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emzy_777

  • 2 years ago

please help:) express the following in the form 2^n 2^70+2^70 answer: 2^71

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  1. asnaseer
    • 2 years ago
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    if this was instead just: x + x what would the answer be?

  2. emzy_777
    • 2 years ago
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    2x

  3. asnaseer
    • 2 years ago
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    correct, so now replace x by \(2^{70}\) and what do you get?

  4. emzy_777
    • 2 years ago
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    4^70...

  5. asnaseer
    • 2 years ago
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    not quite, you get two lots of \(2^{70}\) which can be written as:\[2\times2^{70}\]

  6. asnaseer
    • 2 years ago
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    you can now use the law of exponents to simplify this

  7. asnaseer
    • 2 years ago
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    e.g.:\[x^a\times x^b=x^{a+b}\]

  8. asnaseer
    • 2 years ago
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    use the fact that:\[2=2^1\]

  9. emzy_777
    • 2 years ago
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    ok i kinda get it

  10. asnaseer
    • 2 years ago
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    great! :)

  11. emzy_777
    • 2 years ago
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    its just confusing because i asumed that the answer would be 2^140

  12. asnaseer
    • 2 years ago
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    you have 2 to the power of 1 times 2 to the power of 70. so, using the law of exponents I showed above, the answer should be 2 to the power of "1 plus 70"

  13. asnaseer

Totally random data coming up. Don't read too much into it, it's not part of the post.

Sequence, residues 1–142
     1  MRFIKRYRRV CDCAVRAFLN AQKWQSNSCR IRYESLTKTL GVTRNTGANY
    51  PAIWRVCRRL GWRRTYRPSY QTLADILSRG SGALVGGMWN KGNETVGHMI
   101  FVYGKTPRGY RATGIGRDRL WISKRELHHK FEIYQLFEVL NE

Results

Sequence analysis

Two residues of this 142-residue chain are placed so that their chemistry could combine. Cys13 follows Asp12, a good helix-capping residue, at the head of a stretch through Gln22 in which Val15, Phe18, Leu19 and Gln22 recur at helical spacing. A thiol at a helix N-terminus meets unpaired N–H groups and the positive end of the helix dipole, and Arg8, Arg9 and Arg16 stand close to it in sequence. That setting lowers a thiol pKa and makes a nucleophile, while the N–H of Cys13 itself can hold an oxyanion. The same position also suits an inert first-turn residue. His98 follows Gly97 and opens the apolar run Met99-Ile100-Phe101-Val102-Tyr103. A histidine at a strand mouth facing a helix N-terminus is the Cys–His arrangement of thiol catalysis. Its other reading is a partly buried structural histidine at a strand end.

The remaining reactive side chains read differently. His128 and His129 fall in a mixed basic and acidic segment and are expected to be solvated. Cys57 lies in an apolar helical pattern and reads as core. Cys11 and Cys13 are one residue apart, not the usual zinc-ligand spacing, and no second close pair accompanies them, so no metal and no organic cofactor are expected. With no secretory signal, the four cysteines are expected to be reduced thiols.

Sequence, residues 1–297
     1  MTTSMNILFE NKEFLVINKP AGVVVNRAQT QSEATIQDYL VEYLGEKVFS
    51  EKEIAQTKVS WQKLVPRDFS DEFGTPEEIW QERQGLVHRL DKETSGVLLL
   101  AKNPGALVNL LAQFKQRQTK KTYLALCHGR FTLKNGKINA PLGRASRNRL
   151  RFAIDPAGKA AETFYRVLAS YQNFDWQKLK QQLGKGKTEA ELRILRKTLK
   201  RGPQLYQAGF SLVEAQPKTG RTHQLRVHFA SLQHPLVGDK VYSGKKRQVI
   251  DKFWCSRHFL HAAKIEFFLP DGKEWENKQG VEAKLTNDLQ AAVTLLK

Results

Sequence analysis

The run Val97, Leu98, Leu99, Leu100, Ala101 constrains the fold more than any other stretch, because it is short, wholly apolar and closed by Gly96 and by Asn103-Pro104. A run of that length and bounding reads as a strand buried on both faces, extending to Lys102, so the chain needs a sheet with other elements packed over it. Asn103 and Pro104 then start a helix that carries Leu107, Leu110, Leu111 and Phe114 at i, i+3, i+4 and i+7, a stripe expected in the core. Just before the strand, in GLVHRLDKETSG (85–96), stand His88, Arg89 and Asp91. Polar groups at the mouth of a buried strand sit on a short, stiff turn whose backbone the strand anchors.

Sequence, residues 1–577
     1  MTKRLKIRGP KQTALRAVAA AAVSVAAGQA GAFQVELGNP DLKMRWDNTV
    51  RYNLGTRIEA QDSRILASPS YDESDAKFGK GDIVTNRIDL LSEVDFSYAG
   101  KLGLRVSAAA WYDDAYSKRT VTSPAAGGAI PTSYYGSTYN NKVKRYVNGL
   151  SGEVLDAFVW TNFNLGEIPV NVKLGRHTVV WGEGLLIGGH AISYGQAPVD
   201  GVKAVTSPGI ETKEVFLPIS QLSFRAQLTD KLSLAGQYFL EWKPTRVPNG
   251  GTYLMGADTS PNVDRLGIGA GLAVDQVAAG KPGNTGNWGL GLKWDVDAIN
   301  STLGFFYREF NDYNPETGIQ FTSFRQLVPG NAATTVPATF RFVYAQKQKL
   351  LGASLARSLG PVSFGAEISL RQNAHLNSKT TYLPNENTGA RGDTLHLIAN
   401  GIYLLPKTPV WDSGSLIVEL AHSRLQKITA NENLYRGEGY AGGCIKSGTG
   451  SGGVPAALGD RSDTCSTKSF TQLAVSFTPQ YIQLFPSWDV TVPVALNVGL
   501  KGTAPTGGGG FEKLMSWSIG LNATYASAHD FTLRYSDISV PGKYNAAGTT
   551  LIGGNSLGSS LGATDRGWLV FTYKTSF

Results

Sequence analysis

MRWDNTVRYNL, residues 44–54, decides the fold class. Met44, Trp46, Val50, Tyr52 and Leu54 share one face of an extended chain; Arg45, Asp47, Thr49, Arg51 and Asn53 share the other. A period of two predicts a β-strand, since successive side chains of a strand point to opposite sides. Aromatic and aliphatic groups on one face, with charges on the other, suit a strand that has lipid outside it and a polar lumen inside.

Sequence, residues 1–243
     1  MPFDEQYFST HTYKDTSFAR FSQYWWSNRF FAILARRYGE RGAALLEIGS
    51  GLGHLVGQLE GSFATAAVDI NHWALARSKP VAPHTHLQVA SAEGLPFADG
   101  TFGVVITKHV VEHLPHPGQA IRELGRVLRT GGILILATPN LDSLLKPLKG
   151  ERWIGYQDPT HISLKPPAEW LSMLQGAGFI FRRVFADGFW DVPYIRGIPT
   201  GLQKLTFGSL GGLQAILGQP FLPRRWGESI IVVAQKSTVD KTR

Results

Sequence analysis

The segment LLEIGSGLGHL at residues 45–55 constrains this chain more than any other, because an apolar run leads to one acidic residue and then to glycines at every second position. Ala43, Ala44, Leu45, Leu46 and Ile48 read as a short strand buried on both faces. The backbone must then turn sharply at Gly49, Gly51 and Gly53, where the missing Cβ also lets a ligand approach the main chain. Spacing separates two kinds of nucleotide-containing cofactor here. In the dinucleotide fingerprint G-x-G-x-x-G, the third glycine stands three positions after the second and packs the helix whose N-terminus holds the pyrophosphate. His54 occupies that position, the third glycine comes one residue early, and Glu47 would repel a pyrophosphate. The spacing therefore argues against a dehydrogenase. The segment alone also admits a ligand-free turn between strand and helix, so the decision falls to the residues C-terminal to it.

• 2 years ago
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    think of a simpler example:\[2^3=2\times2\times2\]

  14. asnaseer
    • 2 years ago
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    so:\[2\times2^3=2\times2\times2\times2=2^4=2^{1+3}\]

  15. phi
    • 2 years ago
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    first, this is a special case.. it is not a general rule but 2^70 * 2^70 you add exponents to get 2^140 but here they are adding 2^70 + 2^70 you can factor out 2^70 to get 2^70(1+1) or 2^70 * 2^1 or 2^71 but notice this does NOT WORK: 2^70 + 2^70 + 2^70 you factor out 2^70 to get 2^70(1+1+1)= 3* 2^70 and that is all we can do

  16. emzy_777
    • 2 years ago
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    how would you do it with fractions though? like 2^1/3+2^1/3+2^1/3+2^1/3

  17. asnaseer
    • 2 years ago
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    same rules apply:\[2^a\times2^b=2^{a+b}\]even if a and b area fractions

  18. asnaseer
    • 2 years ago
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    you may find this helpful: http://www.mathsisfun.com/exponent.html

  19. phi
    • 2 years ago
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    you could say 2^1/3+2^1/3+2^1/3+2^1/3 is the same as 4* 2^(1/3) now it happens that 4 is 2^2 so you write it as 2^2 * 2^(1/3) now use the add exponent rule : when multiplying two numbers with the SAME BASE, add their exponents

  20. phi
    • 2 years ago
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    If you need more background, start with http://www.khanacademy.org/math/algebra/exponents-radicals/v/understanding-exponents it looks like there are quite a few videos, but they are short.

  21. emzy_777
    • 2 years ago
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    thanks alot :)

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